(Bloomberg) -- New York City’s transit agency is warning of financial pressures to its operating budget after Governor Kathy Hochul’s paused a congestion pricing plan that would have directed billions to transit infrastructure.

Now the Metropolitan Transportation Authority needs to fill a $15 billion deficit in its multi-year capital program. If the $51.5 billion capital plan isn’t fully funded, the MTA must look to its operating budget, which covers day-to-day expenses, for help. Transit officials sent a clear message on Monday during a monthly meeting of its finance committee: operating costs will be going up while revenue collections are struggling.

“What an incredible contrast to a year ago when we had five years of balanced budgets, compared to where we are now,” Neal Zuckerman, an MTA board member and chair of its finance committee, said during the meeting.

Earlier this month, Hochul placed an indefinite pause on the new toll that would have charged motorists driving into Manhattan’s central business district, starting on June 30. The purpose was to reduce traffic while raising money to modernize a more than 100-year-old transit system.

The MTA is set to detail at its monthly board meeting on Wednesday which infrastructure improvements need to be deferred in order to address the deficit and also retain vital federal funds that require a local match. Those capital delays mean higher maintenance costs for the agency’s $19.3 billion operating budget, Jai Patel, the MTA’s deputy chief financial officer told board members.

MTA officials anticipate a boost in overtime expenses as workers will spend more time repairing aging signals, trains and tracks, she said. They’re also analyzing how to resolve $2 billion of estimated labor costs that would have been covered by the capital plan with congestion pricing funds.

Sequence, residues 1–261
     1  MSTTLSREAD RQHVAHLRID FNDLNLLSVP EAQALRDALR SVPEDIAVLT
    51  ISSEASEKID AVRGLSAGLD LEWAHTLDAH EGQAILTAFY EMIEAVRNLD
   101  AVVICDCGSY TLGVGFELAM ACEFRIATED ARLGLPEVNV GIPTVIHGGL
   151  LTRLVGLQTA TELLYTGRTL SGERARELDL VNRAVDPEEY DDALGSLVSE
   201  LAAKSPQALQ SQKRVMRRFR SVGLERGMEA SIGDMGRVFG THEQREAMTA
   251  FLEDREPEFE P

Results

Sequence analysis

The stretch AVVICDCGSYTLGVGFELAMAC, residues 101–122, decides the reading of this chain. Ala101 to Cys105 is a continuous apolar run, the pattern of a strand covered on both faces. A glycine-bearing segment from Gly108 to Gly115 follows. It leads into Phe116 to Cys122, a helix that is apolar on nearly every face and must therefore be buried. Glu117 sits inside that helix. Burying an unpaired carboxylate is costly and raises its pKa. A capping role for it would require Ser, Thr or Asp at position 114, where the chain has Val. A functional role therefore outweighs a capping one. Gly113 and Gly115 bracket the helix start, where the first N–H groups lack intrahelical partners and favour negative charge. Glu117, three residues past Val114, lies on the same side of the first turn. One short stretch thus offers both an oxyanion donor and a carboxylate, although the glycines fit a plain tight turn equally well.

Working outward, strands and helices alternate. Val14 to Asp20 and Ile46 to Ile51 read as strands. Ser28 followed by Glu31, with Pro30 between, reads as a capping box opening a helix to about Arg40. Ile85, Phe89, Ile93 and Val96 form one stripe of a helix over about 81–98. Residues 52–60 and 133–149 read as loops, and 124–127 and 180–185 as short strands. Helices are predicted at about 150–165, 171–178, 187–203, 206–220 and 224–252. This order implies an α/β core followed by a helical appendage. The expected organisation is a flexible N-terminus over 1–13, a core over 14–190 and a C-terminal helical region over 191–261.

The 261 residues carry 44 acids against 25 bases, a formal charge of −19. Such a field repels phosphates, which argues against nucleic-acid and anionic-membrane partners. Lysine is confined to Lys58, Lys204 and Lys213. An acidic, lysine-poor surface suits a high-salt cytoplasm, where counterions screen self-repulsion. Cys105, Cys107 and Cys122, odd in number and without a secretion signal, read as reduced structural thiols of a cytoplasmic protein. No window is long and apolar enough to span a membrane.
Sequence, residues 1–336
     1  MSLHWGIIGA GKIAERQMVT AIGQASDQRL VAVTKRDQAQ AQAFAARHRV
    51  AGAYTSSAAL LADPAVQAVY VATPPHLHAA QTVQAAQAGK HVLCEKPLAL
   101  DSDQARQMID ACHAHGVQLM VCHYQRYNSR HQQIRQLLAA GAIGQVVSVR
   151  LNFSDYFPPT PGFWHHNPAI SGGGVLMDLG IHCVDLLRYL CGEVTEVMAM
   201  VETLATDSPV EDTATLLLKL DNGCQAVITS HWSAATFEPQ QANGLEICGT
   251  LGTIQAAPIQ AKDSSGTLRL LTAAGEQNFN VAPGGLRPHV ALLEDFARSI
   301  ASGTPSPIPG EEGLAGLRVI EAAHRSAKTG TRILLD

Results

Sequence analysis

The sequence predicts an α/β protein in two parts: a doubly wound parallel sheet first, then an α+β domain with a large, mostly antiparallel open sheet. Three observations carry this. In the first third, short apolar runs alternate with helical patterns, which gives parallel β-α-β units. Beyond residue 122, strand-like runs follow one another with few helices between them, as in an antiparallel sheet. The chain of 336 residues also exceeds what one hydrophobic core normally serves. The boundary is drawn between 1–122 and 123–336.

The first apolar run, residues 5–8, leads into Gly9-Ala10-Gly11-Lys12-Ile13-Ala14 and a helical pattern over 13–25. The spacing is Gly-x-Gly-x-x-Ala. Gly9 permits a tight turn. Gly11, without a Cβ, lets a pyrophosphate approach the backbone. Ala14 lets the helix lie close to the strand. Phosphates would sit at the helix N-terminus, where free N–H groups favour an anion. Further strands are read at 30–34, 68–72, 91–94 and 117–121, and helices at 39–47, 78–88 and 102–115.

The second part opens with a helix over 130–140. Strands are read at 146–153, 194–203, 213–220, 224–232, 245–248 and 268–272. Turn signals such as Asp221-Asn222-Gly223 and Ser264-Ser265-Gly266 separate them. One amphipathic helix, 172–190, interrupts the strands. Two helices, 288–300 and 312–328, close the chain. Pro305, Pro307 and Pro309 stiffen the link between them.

The largest transit agency in the US had planned to borrow against the revenue from the tolling program. Without those funds, the MTA may need to take on as much as $300 million of principal and interest costs sooner than expected from its operating budget. 

“With a pause on congestion pricing we would have to move up our own issuance of debt,” Patel said. “That would be an impact to the operating budget for debt service costs incurred earlier in the financial plan than originally thought about and anticipated.”

MTA officials plan to release a mid-year budget update in July that will reflect the rise in expenses and sluggish revenue collections. 

Farebox revenue collections are $57 million below budgeted estimates this year through May, according to MTA documents. Operating subsidies have come in $168.7 million under budget for the year, including revenue from a mortgage recording tax and a real property transfer tax.

“We’ll walk through all the adjustments that we need to make on both projected tax revenue, projected fare box revenue and all the other impacts and expect the July plan will be quite a different picture than the five years of balance budgets that we were able to show prior,” Kevin Willens, the MTA’s chief financial officer, said during the meeting.

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